Catching Up with Former Player Rep: Major Wright
We had the opportunity to interview former NFLPA Player Representative Major Wright. Major played for the Chicago Bears and the Tampa Bay Buccaneers. We discussed his career as an author, his upcoming comic book, and reflected on his time in the NFL.
What is your current career?
I'm actually an author. I’m really into this author world, this publishing world and also the giving-back world. I have my foundation called the Wright Way, where we're tackling poverty and helping kids by providing care for them. We're providing services and resources for single parents.
Right now, my biggest project is Good Deed Tuesday. My character is Mr. GDT and every Tuesday he goes out into the community and he activates his powers by doing good deeds. For every good deed he does, something good happens in his life. We are trying to support kids and get them to understand that you have to love, you have to care, you have to show gratitude for other people because you never know when you may need that same energy from somebody else.
How did you become interested in writing?
It's so crazy because I've never been a writer, I've never been a reader; like I hated both. I was having a great conversation with my girlfriend, uplifting each other, and she said ‘Major, I think you should write a book.’ At that time, I was reading the 15 Invaluable Laws of Growth by John Maxwell and he mentioned in his book that if you want to do something then you need to act on it now or else it’ll never happen. So, I took the opportunity to say, let me try it. It is something new, I've never done it before, I know nothing about this, but I want to do this. I put it upon myself to be intentional about that.
We got off the phone at 1:30 in the morning and I grabbed a notepad and pen and went up to my bedroom and started naming the chapters I wanted to talk about in my book. From that day, it just started getting better and better and better.
What inspired you to write a comic book?
I have a friend, Allison, she's a teacher and she has a book that she is trying to publish, she wants to use my publishing company to publish her book. So, in the midst of me helping her, she said ‘Hey Major, you need to write a children's book. I know you have your book, which is great, but you need a children's book because now you're able to tap into a key audience and affect change.’
I didn't know what I wanted to talk about in my children’s book. I thought maybe I should do a football children's book because that's what I'm known for. But is that going to impact them for the rest of their lives? So, since I've been doing good deeds, we can make a character out of the good deeds that I’ve been doing. I think good deeds will be more of an impact on the world rather than a few kids taking the lessons from football here and there. I wanted to be able to impact the world instead of just a few kids.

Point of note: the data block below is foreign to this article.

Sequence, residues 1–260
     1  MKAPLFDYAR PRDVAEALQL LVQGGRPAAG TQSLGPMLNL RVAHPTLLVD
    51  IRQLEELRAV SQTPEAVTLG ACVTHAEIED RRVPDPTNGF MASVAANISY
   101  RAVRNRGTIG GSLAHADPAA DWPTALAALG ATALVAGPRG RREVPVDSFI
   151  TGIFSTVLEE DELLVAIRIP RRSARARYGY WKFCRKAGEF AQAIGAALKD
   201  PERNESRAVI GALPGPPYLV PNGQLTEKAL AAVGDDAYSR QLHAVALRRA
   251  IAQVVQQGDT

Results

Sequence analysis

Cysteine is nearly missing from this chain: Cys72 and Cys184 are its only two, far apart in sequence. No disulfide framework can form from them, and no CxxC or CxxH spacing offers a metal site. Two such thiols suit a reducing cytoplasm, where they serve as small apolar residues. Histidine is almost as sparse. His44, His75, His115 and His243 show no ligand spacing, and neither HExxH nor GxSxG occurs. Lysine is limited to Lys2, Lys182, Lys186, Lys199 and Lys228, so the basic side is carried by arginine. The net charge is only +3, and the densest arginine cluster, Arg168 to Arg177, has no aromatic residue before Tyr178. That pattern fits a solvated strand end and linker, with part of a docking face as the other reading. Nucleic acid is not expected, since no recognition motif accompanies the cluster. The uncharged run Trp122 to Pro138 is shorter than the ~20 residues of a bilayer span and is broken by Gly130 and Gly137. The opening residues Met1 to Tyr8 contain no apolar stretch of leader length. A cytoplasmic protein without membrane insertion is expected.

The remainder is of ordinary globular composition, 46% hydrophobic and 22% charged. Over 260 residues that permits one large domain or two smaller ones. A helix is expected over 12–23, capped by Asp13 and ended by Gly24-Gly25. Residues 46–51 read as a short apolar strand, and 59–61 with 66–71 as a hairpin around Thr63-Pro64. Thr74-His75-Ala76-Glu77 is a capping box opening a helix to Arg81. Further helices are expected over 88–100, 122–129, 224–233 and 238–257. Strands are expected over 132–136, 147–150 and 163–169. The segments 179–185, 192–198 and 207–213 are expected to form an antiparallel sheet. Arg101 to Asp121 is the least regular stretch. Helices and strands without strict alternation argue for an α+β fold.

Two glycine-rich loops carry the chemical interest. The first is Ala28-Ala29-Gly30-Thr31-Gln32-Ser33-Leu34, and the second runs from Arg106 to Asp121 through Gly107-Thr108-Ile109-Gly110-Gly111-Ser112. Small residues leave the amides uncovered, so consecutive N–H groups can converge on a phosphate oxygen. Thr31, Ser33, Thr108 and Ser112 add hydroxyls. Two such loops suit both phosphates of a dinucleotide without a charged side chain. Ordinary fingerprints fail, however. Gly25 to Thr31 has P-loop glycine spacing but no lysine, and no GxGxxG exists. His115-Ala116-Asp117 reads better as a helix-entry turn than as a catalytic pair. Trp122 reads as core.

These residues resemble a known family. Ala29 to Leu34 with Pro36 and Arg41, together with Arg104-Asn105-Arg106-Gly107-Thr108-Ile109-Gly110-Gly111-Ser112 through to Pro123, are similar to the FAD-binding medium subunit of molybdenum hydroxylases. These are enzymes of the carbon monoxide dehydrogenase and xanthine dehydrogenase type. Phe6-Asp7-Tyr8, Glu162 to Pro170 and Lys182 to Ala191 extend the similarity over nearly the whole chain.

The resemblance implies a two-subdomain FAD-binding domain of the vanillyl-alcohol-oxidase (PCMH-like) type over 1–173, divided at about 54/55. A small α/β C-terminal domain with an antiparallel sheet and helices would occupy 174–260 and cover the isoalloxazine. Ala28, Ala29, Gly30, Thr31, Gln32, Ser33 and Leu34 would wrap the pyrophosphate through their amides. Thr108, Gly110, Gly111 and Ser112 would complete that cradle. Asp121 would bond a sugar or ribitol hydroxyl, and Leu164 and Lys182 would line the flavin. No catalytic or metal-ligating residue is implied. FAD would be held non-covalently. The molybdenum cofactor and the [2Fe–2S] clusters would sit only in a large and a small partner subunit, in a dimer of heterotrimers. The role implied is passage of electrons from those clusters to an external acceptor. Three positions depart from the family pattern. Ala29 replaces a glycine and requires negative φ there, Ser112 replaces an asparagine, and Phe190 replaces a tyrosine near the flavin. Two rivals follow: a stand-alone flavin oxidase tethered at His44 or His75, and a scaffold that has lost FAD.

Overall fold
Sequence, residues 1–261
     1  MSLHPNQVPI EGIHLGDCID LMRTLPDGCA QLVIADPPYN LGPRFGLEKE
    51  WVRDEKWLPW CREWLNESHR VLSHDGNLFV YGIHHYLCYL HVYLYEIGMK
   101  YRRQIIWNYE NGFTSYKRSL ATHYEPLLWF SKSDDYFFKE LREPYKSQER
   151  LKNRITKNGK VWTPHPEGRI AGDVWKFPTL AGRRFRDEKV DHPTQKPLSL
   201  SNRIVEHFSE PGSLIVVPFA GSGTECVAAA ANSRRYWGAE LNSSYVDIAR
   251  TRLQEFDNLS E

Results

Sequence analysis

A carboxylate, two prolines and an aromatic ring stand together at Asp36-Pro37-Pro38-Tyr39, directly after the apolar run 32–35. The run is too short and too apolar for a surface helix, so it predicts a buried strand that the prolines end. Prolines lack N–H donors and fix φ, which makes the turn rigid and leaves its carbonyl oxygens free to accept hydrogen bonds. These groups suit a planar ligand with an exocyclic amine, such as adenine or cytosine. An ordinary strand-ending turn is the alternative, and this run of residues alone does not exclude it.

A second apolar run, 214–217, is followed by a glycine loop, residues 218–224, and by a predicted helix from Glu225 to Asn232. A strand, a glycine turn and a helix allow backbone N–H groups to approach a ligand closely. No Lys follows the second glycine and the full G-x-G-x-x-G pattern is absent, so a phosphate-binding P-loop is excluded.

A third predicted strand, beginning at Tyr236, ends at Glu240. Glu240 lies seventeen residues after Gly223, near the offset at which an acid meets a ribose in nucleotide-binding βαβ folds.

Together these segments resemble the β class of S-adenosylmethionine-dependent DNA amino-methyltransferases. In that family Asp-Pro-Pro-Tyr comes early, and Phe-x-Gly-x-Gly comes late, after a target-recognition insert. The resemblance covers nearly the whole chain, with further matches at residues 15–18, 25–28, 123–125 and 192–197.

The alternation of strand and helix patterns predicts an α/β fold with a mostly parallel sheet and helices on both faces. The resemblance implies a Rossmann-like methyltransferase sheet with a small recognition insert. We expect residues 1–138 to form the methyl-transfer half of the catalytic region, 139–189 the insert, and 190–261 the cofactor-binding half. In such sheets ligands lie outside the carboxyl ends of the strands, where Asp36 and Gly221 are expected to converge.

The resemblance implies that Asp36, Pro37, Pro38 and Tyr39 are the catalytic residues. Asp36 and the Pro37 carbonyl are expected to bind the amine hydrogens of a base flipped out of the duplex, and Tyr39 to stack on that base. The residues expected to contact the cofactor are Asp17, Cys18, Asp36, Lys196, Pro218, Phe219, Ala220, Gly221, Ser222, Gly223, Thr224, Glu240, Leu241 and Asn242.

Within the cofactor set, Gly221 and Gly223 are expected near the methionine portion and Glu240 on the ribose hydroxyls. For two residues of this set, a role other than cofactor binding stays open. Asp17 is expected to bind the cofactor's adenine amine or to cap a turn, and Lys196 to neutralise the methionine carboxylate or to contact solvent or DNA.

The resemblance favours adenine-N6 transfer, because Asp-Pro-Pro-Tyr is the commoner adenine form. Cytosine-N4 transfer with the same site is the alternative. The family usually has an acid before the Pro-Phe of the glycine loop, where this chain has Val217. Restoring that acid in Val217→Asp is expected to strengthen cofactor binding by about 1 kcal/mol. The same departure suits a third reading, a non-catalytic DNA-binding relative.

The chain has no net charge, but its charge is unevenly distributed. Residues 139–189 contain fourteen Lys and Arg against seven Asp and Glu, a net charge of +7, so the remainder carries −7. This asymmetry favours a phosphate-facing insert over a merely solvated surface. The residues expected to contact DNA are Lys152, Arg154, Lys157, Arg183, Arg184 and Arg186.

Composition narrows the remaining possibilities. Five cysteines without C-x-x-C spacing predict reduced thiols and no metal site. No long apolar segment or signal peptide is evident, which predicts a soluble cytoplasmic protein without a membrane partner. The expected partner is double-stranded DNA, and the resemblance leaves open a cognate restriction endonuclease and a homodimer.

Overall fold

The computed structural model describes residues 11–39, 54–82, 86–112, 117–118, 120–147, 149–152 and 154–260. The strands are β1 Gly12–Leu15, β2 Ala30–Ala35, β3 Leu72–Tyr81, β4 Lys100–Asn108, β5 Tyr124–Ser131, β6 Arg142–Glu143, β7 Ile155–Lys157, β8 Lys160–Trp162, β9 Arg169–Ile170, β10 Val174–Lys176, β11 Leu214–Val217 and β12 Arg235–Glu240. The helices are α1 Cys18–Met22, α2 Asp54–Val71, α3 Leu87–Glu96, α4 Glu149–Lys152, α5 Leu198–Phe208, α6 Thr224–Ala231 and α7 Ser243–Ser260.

What was your experience being an NFLPA Player Representative and what were those responsibilities like?
It was phenomenal. It was amazing. It was an experience that I wish every kid could experience because you meet so many people and so many opportunities come about. You get to impact a lot of people. It's just an amazing experience. I wish everyone could experience that feeling, my time in the league was amazing. I loved it.
What are some of the leadership skills you learned from playing football?
I think like my biggest takeaway from the NFL is discipline. You have to be disciplined because we have so many distractions in life, so how are you able to narrow it down and stay focused on your main goal? Being disciplined is what does that.
What was your experience leaving the game like?
It was rough. It was probably one of the lowest parts of my life at the time, it was bad for me. Thinking about it, it wasn't a smooth transition. It was rough trying to figure out what's next. What can I be great at? You know, what fits my personality? Who is Major? Because my identity was football. Every time we talk about Major, you talk about something Major did in football. So it made it so much more difficult for me to transition out of football because that became my identity and it became who I was, and it didn't make it easy. It was pretty rough; it was pretty bad. Just trying to figure it out each and every day, understanding what you’re going to do. I woke up every day asked myself, ‘What am I going to do to better myself? How am I going to get better?’
What was one piece of advice you wish you knew during your career transition?
I would say understand the connections that you make, the resources that you have, and be able to capitalize on all of the resources that we have while you’re playing and not just when you’re done. While playing, make these connections with people because when you get done, it makes your transition so much easier. If you planted a seed over here, over there and over there, now all you have to do is go back and continue to just water these seeds and they will continue to grow with these relationships and these connections. And those are what help you make that transition so much smoother.